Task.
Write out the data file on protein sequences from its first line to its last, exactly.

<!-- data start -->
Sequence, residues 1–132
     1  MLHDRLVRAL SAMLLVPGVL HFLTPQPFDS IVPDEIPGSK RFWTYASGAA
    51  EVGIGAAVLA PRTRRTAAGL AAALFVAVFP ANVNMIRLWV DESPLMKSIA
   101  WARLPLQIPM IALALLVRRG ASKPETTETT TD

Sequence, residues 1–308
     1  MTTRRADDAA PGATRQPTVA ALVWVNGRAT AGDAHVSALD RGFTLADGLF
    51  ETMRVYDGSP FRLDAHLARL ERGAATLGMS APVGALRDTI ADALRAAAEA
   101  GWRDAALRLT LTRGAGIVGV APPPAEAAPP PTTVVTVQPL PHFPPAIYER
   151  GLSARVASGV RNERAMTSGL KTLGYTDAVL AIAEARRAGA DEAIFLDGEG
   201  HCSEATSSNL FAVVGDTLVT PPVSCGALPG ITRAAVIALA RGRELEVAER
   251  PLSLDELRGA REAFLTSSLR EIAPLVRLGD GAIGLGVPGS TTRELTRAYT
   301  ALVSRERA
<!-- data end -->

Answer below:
Sequence, residues 1–132
     1  MLHDRLVRAL SAMLLVPGVL HFLTPQPFDS IVPDEIPGSK RFWTYASGAA
    51  EVGIGAAVLA PRTRRTAAGL AAALFVAVFP ANVNMIRLWV DESPLMKSIA
   101  WARLPLQIPM IALALLVRRG ASKPETTETT TD

Sequence, residues 1–308
     1  MTTRRADDAA PGATRQPTVA ALVWVNGRAT AGDAHVSALD RGFTLADGLF
    51  ETMRVYDGSP FRLDAHLARL ERGAATLGMS APVGALRDTI ADALRAAAEA
   101  GWRDAALRLT LTRGAGIVGV APPPAEAAPP PTTVVTVQPL PHFPPAIYER
   151  GLSARVASGV RNERAMTSGL KTLGYTDAVL AIAEARRAGA DEAIFLDGEG
   201  HCSEATSSNL FAVVGDTLVT PPVSCGALPG ITRAAVIALA RGRELEVAER
   251  PLSLDELRGA REAFLTSSLR EIAPLVRLGD GAIGLGVPGS TTRELTRAYT
   301  ALVSRERA